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The Deeds of Wiprecht

Judith's d. Core


In the year of the Lord 1109. In this year, Henry, the fourth [fifth] king of this name, arranged to celebrate Christmas at Mainz. The German princes solemnly came together there from all directions, supported by a great deal of pomp. Wiprecht too was present with his sons, Wiprecht and Henry. But for them—oh the pain!—that same feast was turned into mourning. For the lady countess Judith, worthy of everyone's veneration and remembrance, died—with God piously arranging it (as we hope and wish) on account of her most generous good will towards our monastery. Ready to sing on the nativity of her Saviour, she joined with the saints in the angelic song, 'Glory in the highest to the lamb, who takes away the sins of the world.' And ready to delight in the bosom of Abraham in the resting place for the earthly amongst the heavenly, she went the way of all flesh on her patrimony called Bautzen on the sixteenth Kalends of January [17 December]. Messengers were therefore sent quickly in both directions to report her death: not only to the lord Wiprecht and their sons, but also to the princes of Bohemia, the lady Judith's brothers. Meanwhile, everyone came together in groups for her funeral. Indeed, having received such sad news through the messengers, the lord Wiprecht, with a tearful plaint about the passing of his wife, obtained permission from the emperor to return home immediately. He sent a legate ahead as soon as possible to have the body brought in the meantime to the monastery at Pegau, where Abbot Windolf received it with honour and his brothers received it solemnly with grief and chanting. The lord Wiprecht himself very swiftly followed with his men. Finally, on Wiprecht’s arrival there and with the princes of Bohemia meeting up with him simultaneously, great lamentations were made. There was a gathering of a crowd of people, who had flocked together from all directions within four days. On account of this, the body brought to Pegau remained continuously placed on top of a bier and unburied. Besides the bishop of Meissen, who had come with everything needed for the funeral rites, the lord Wiprecht invited [Bishops] Albuin of Merseburg and Walram of Zeitz, who came surrounded by ranks of clerics. They devoutly performed the funeral office with due veneration. In the end, how do such great and festive funeral rites deserve to be distinguished or delimited? What description might satisfy the reader? A short one, to be sure. For what could be said more briefly or heard more truly from us than that dirt is consigned to dirt, ashes to ashes? But without doubt they are settled in the sole hope of resurrection and rebirth; falling blessedly asleep in the Lord, they rest in peace. May God, the redeemer of our souls, who lives and reigns with the Father and Holy Spirit (etc.), grant this peace and the grace of rebirth to our lady Judith.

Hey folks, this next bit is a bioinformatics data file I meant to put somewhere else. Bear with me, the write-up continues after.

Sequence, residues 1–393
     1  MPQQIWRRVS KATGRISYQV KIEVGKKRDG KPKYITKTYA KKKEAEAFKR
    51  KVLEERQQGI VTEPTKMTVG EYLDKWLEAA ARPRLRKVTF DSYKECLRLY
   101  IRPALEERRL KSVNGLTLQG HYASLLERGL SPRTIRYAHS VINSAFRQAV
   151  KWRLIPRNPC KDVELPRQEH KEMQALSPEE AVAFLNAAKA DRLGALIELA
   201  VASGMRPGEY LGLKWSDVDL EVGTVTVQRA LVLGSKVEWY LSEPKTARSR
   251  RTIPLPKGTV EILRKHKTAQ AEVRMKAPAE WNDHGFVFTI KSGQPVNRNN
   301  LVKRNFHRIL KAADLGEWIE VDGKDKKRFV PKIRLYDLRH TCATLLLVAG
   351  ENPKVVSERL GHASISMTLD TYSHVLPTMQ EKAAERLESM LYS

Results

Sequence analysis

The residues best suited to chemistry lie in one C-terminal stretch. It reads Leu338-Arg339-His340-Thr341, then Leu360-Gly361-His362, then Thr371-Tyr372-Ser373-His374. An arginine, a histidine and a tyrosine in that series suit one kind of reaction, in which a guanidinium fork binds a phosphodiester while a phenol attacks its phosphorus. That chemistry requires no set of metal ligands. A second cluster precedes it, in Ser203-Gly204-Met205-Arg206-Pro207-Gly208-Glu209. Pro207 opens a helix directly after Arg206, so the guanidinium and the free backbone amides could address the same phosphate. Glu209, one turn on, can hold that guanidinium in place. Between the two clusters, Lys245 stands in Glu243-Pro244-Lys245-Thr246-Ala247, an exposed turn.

Who indeed may set forth in words how much—not only on the thirtieth day but also beyond it—the most generous lord Wiprecht mercifully expended in giving with largesse to the sick, the poor, orphans, and widows and in liberally relieving their hunger, nakedness, poverty, and all of their needs? Who, in the end, has the means to say or to know with what a crowd and with what generosity he performed the thirty-day anniversary of his most beloved wife’s death? Since this short report of ours is able to capture nothing worthy of such a great festivity, it seems proper to leave these things to the prudence and judgment of the reader.

Analysis